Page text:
Step 1 in building your permaculture property: With Verge permaculture

    Let's take a look at the 1st step in the process of creating a design for building your permaculture property.







    In working in regenerative design for a while and being connected with many other people who make their living this way, myself and a lot of others have begun to identify patterns in the questions and troubles that people reach out to us consultants and designers for. I haven't been in this line of work though nearly as long as the team at Verge Permaculture and so it felt really good to hear that many of the commonalities that they’ve seen from clients and students mirror my own experience. The truth is that permaculture is a very broad design philosophy that can feel overwhelming even with years of experience, especially at the beginning of a project when you’re still gathering information about your ecology and context and when you see so much potential in front of you. For this reason it can be extremely helpful to have a guide that outlines a process that can illuminate and simplify the options available to you and cut through the overwhelm. 







    Throughout this season I’ll be teaming up with the members of Verge Permaculture to show you the process that they’ve outlined in their new book, Building your Permaculture Property. 







    In five clear steps, their process can guide you through the minefield of choices and pitfalls while designing your project and then implementing the design. 







    Step 0 inspect your paradigm







    Step 1 Clarify your vision, values, and resources







    Step 2 Diagnose your resources for strengths, weaknesses, opportunities, and threats







    Step 3 Design your resources to meet your vision and values







    Step 4 Implement the Right Design That Will Most Improve Your Weakest Resource







    Step 5 Monitor Your Resources for Indicators of Well-being or Suffering







    In today’s episode I’ll be speaking with Takota Coen of Coen Farm in Alberta Canada about Step 0 and Step 1 to start you on the process of design and implementation. 







    For those of you who want to get ahead of the game and learn from more than 15 of the biggest names in Permaculture on how to transform your property, the authors Takota, Rob, and Michelle will be hosting their online summit for the release of the book from April 23-25th. The summit is completely free and you can register at mypermacultureproperty.com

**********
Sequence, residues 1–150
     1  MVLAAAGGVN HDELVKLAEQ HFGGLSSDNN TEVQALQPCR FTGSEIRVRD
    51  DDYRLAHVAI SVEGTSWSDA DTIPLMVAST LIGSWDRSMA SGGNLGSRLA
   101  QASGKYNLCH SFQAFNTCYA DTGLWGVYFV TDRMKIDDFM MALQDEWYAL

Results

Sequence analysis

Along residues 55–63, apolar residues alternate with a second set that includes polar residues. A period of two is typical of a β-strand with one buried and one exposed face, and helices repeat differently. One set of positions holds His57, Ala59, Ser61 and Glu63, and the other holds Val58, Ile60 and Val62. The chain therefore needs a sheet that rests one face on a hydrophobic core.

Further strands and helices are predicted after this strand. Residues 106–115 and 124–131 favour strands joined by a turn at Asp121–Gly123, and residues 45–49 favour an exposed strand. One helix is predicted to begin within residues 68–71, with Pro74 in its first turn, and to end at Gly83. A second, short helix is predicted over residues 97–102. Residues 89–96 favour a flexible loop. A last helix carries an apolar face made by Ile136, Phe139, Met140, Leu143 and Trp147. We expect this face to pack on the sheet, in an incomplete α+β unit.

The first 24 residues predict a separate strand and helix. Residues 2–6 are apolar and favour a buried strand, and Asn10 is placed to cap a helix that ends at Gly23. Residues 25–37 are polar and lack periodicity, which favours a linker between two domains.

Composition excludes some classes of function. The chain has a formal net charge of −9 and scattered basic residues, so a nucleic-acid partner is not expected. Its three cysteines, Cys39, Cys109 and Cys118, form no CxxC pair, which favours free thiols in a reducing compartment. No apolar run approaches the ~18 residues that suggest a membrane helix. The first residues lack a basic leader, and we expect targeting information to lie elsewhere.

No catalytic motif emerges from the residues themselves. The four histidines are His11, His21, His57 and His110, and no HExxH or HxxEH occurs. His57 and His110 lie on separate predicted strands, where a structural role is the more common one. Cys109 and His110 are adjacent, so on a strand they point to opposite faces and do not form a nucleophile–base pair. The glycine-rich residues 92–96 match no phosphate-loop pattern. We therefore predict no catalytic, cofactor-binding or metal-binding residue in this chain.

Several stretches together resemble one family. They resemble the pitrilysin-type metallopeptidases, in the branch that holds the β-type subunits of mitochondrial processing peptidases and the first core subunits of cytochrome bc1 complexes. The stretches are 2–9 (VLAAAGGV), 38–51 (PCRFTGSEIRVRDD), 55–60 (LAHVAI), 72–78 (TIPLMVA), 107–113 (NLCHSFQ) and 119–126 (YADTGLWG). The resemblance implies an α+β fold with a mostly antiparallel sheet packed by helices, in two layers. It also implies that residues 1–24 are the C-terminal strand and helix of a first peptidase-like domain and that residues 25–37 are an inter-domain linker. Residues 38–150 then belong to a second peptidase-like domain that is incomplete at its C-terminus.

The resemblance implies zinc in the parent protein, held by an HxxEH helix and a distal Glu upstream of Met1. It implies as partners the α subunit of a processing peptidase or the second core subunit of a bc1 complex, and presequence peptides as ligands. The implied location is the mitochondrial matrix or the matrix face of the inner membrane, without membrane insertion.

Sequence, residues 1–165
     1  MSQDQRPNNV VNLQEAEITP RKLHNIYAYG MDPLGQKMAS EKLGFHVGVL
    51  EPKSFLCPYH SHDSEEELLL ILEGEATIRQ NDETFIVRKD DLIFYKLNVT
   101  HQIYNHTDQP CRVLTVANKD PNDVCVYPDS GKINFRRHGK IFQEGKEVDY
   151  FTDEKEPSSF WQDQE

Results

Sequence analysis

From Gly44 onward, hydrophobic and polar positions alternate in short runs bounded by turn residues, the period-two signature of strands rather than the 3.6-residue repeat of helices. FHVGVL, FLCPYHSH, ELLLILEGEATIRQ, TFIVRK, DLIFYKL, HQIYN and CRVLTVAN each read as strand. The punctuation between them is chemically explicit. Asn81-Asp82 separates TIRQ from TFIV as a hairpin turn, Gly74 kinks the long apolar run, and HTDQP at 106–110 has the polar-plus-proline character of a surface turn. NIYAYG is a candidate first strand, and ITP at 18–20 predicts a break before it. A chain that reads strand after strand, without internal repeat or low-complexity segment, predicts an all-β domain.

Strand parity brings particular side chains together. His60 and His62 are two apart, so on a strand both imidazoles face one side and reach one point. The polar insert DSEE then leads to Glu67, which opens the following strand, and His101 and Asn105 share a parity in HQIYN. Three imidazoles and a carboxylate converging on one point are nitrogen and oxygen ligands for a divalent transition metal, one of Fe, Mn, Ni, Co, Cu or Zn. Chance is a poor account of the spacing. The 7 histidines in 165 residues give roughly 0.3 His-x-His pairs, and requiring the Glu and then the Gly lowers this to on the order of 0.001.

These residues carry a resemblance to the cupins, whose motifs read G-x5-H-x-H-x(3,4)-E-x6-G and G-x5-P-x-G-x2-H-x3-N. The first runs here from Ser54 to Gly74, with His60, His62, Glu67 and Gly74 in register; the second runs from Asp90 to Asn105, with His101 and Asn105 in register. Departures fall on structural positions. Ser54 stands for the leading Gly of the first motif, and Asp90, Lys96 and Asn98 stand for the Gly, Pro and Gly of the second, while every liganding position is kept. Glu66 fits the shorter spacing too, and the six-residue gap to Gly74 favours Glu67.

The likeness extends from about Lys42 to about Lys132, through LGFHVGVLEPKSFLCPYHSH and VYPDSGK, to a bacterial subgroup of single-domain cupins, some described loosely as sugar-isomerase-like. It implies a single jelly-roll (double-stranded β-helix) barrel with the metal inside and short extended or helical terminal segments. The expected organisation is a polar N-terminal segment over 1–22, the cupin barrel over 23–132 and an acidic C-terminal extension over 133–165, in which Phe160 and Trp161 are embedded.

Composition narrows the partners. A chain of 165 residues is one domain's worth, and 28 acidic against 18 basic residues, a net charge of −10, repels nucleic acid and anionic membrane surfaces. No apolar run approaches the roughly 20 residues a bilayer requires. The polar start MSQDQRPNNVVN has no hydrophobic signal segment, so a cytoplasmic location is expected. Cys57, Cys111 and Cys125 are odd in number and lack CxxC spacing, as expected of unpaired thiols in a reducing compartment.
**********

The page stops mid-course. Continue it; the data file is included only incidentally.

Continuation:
So let’s get started at the beginning. Takota began our discussion by explaining the 5 common problems that he and the team at Verge repeatedly hear about which lead to the 5 step process in the book.







    Get the resource packet for this episode!







    Join the discord discussion channel to answer the weekly questions and learn new skills with the whole community







    Links:















    https://vergepermaculture.ca/building-your-permaculture-property-summit







    https://vergepermaculture.ca/







    https://www.coenfarm.ca/







    Want to learn more about permaculture and regenerative design? Check out these previous episodes:









    https://regenerativeskills.com/abundantedge-daniel-halsey/

    • 38 min
    The history and future of agroforestry

    The history and future of agroforestry

    With regenerative agriculture and agroforestry increasingly becoming popular topics in environmental and even political circles. I wanted to do a one-on-one session with one of my favorite speakers in this sphere, Patrick Worms. 







    Many of you frequent listeners will remember him from the panel discussion on agroforestry two weeks ago that I hosted with Climate Farmers.







    I got to know Patrick’s work and perspective more intimately as part of the online course on ecosystem restoration design that we both teach on.